House Of Worship

From The Parking Lot To The Pew, Part 1

A time to be vigilant.

We live in violent times. People are stressed, government is inadequate and people are experiencing bleak economic conditions. Social woes, challenging family conditions and religious conflicts are just a few of the factors that are fueling the stress people are feeling globally. I suggest that this stress is at least an underlying factor that is motivating people to snap and inflict violence on people in workplaces, in schools, in social settings, in family homes, in shopping centers, in movie theaters, in airports and, tragically, in houses of worship (HoWs).

Historically, there was a time when a HoW was considered a holy place— a location in which no one dared to perpetrate any evil for fear that God would strike them down. Sadly, that is no longer the case. HoWs of all major faiths, all around the world, have experienced violence. In Africa, militant groups have killed innocent worshippers in churches and mosques. In Asia, terrorists have killed innocent worshippers in churches, mosques, and Buddhist and Hindu temples. In the US, innocent worshippers have been killed in churches, synagogues and mosques. This is a tragic period in the history of the world. I believe that action must be taken to help prevent these tragedies.

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The Good News is that many schools, shopping centers and airports have taken action to try to prevent violence inside their domains. The effectiveness of those actions is still unknown, but, at the very least, they are doing something. Numerous HoWs have taken action to try to prevent violence in their worship facilities; yet, we can easily claim that the majority have not done anything to address potential violence and security vulnerabilities in their HoW. Why is that? Because most HoW leaders believe that God will protect His people. Plus, they’re concerned that, if the sanctuary is no longer perceived as being safe, then people might quit attending worship services.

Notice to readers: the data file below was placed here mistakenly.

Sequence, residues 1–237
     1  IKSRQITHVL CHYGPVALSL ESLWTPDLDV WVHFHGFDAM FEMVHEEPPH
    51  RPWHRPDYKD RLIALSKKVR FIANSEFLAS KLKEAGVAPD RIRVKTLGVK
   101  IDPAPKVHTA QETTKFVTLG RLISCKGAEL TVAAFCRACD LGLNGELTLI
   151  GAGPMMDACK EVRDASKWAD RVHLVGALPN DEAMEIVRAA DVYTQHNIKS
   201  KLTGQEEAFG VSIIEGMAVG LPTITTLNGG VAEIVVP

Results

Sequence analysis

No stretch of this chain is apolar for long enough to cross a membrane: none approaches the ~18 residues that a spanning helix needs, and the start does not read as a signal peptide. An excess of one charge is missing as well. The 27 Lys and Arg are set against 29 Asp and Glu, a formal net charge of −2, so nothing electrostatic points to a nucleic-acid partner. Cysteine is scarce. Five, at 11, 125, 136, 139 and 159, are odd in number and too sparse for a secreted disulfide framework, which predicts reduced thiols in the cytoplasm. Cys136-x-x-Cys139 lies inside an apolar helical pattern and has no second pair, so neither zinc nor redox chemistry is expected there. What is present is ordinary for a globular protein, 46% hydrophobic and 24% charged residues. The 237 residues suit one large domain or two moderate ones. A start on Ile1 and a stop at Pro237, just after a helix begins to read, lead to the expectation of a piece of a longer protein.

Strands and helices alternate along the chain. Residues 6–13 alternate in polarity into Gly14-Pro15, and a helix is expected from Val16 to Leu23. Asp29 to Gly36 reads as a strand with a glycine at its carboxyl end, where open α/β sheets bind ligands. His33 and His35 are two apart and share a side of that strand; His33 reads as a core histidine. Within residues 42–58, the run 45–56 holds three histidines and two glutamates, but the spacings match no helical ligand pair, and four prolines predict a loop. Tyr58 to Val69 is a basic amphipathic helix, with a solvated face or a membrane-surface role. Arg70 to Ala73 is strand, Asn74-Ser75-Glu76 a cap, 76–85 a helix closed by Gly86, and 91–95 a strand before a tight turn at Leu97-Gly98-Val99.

There is, of course, also the perception that’s all too commonly held: “That would never happen to us.” And, honestly, leaders do have a reasonable position to defend there; the reality is that, when we place HoW violence in context on a global scale, only a small percentage of HoWs actually experience acts of violence. Nevertheless, even one loss of a loved one due to violence while worshipping is one instance too many.

I believe that HoW leaders must take security seriously so they can do everything they can to prevent violence from occurring on their campuses. I also believe that actions they can take will actually help them achieve a greater sense of community and purpose among congregants. In addition, I believe that HoW security will become an industry within our industry. Thus, now is a good time to consider ways that we can help HoW leaders secure their facilities in order to prevent a tragedy from occurring.

Let me clarify that I am not a security expert. My goal is to bring awareness that HoW leaders must do something to protect the people who attend worship services on their campuses—and we can help them do it. The information I present here was drawn from conversations with HoW leaders and with those who take security seriously and have taken actions that will help them keep their worship spaces secure.

Here, I present seven steps that I believe can help to create a more vigilant sanctuary for worship. They are as follows: 1) create an action plan; 2) create a security team; 3) train the security team; 4) create a video-surveillance system; 5) keep most doors locked except for primary in/out doors; 6) create a check-in/checkout system for children and teenagers; and 7) explain the need for security to the congregation.

Obviously, many additional action steps could be taken to secure a HoW. Ultimately, however, my goal is primarily to provoke us to think more precisely about security and develop effective ways that our industry can help HoW leaders secure their facilities, and do so seamlessly—without generating fear and anxiety that could cause people not to want to attend worship.

I believe there are far more good people on earth than there are evildoers. Nevertheless, I also believe we must do all we can to protect the good people who want to attend their HoW without worry or fear. Thus, in Part 2, I will explain the seven steps in greater depth, thereby offering a starting point for discovering ways to help people move safely from the parking lot to the pew.

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